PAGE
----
In Brief
  • Jim O'Neill, the Trump transition team's choice for FDA chief, is a managing director at Silicon Valley investment firm Mithril Capital Management.
  • O'Neill advocates developing medicines to combat aging. He believes this field is "long overdue for innovation."

Who is Jim O’Neil?

Everyone is waiting to hear President-elect Donald Trump’s choices for his cabinet. Perhaps the most interesting of these supposed nominations, according to sources who don’t want to be identified, is for the next head of the Food and Drug Administration (FDA).

Jim O’Neill, the Trump transition team’s choice for FDA chief, is a managing director at Silicon Valley investment firm Mithril Capital Management, one of Peter Thiel’s venture investment firms. Although the selection is an on-going process and isn’t official just yet, O’Neill is certainly a favorable choice under an incoming administration heavily criticized as “unfriendly” to science. One thing is for sure, though. His possible appointment could herald reforms in the FDA.

“We should reform FDA so there is approving drugs after their sponsors have demonstrated safety — and let people start using them, at their own risk, but not much risk of safety,” said O’Neill, speaking at an August 2014 conference called Rejuvenation Biotechnology, referring to what he calls ‘progressive approval.’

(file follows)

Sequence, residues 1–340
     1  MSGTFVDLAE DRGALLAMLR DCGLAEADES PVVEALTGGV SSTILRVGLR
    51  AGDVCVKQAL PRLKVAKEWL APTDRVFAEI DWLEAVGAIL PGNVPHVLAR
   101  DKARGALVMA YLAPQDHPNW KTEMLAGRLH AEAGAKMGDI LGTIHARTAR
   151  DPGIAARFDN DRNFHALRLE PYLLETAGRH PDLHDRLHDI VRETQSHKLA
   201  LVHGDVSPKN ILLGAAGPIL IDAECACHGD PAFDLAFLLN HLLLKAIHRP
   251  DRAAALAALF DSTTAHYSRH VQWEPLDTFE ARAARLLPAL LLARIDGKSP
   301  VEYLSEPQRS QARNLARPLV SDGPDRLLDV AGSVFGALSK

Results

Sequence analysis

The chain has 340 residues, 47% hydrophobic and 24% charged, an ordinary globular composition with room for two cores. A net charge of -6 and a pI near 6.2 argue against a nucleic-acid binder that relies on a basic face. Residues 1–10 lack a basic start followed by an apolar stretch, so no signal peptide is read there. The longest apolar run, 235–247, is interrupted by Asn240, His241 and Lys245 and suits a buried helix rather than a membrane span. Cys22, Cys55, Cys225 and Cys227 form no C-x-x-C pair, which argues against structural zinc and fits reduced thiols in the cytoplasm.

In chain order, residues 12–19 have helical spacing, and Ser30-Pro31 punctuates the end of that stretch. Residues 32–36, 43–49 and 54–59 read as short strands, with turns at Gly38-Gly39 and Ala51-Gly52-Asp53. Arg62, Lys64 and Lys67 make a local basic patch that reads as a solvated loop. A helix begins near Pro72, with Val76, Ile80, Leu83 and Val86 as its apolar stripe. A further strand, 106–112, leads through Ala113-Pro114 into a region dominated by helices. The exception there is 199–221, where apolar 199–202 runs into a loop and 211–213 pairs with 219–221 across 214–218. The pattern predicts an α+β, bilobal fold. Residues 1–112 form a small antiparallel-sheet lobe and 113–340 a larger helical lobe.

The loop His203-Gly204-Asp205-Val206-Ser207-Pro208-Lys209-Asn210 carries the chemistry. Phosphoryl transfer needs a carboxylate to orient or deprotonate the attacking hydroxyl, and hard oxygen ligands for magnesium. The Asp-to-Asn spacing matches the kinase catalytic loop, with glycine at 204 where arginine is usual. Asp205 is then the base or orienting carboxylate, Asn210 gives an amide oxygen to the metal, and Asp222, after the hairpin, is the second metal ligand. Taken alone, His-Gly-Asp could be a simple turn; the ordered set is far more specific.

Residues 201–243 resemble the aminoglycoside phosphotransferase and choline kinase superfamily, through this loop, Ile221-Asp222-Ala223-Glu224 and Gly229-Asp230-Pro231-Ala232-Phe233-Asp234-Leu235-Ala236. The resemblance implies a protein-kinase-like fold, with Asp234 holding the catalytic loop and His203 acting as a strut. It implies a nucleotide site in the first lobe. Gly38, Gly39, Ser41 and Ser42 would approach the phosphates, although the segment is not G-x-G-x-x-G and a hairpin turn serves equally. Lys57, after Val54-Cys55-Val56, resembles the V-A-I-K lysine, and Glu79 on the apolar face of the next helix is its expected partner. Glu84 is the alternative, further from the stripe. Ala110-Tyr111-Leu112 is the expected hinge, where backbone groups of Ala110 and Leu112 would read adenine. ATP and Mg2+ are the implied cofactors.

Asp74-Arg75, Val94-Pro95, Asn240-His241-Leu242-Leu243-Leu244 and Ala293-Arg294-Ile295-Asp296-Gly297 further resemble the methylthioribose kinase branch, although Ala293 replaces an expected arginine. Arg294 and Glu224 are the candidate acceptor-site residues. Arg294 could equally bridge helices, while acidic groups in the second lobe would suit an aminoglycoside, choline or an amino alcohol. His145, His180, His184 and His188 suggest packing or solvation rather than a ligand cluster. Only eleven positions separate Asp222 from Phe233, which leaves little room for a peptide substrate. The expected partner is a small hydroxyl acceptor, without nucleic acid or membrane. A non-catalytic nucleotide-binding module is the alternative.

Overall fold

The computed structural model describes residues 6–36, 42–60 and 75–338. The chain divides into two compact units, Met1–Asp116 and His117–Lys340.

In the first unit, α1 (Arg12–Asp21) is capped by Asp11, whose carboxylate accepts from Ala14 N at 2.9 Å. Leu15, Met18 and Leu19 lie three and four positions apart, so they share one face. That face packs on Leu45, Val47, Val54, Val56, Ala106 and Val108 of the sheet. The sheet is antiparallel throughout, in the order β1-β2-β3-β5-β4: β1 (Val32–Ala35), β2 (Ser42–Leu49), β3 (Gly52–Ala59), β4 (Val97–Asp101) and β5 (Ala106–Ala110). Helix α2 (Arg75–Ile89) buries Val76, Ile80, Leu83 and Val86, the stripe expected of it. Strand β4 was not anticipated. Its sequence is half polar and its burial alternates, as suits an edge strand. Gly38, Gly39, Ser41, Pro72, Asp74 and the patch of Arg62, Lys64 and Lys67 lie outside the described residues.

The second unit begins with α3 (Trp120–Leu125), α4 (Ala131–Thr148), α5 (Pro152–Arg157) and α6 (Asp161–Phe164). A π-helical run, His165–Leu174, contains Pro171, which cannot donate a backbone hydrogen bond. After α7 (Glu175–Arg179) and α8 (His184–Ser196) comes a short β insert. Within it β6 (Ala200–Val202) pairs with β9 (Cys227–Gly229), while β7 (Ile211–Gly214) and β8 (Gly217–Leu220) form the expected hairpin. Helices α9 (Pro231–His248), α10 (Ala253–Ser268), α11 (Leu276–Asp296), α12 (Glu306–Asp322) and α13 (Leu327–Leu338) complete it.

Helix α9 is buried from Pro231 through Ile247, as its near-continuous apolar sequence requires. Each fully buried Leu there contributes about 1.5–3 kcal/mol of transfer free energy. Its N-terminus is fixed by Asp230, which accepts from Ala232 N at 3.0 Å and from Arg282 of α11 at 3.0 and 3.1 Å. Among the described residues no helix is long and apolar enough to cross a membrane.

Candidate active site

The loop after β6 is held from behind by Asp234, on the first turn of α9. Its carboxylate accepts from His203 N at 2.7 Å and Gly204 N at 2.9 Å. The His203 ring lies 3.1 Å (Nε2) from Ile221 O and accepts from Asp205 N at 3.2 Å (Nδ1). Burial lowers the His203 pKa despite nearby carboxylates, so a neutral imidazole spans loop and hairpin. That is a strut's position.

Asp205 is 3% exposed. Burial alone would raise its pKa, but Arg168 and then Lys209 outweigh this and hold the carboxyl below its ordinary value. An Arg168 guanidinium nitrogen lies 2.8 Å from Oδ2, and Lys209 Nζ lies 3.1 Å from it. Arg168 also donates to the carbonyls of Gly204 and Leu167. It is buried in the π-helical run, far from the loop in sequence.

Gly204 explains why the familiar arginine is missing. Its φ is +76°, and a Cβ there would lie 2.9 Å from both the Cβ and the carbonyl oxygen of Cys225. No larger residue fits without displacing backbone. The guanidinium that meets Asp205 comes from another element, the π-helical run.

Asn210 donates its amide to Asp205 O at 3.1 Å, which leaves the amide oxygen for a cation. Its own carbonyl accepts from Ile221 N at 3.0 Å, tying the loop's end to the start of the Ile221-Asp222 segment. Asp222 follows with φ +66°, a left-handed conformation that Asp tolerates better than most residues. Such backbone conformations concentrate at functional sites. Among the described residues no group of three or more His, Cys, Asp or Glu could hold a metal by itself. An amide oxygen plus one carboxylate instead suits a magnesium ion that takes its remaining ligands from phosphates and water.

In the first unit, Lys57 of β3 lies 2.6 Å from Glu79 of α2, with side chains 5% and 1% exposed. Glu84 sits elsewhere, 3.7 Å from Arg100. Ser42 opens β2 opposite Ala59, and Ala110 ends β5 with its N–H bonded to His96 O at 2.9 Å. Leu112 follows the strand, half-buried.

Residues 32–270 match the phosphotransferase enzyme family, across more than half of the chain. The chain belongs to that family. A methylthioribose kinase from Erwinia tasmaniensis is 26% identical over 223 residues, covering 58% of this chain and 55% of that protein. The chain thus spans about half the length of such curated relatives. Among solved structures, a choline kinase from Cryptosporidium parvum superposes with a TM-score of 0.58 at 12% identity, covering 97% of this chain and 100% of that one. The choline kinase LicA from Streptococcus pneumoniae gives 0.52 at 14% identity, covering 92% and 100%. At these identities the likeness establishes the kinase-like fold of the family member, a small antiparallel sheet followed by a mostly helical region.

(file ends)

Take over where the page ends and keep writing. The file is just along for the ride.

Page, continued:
Another area O’Neill believes is “long overdue for innovation” is research in anti-aging treatments. He is a known advocate of developing medicines to combat aging.

Aging Is a Disease?

This shouldn’t come as a surprise, considering how Thiel funds companies working on research in reversing aging. But Mithril Capital Management isn’t the only investment firm funding anti-aging research. Last October, a group of investors united to fund Unity Biotechnology’s work.

With more and more scientists presenting evidence for aging to be considered a disease, research for a treatment or cure is progressing along considerably well. One group of researchers is looking at RNA splicing to prolong lifespans, while another studies protein imbalance in the blood to slow aging. Other studies are looking at a protein that possibly controls aging or a hormone that could reverse it.

These are just some examples of how developments in genetics and biotech are changing the way we understand how our body works. A mechanism that’s believed to be part of the normal process of life is now considered a disease. If O’Neill’s appointment is confirmed, we can expect even more development in this field of research.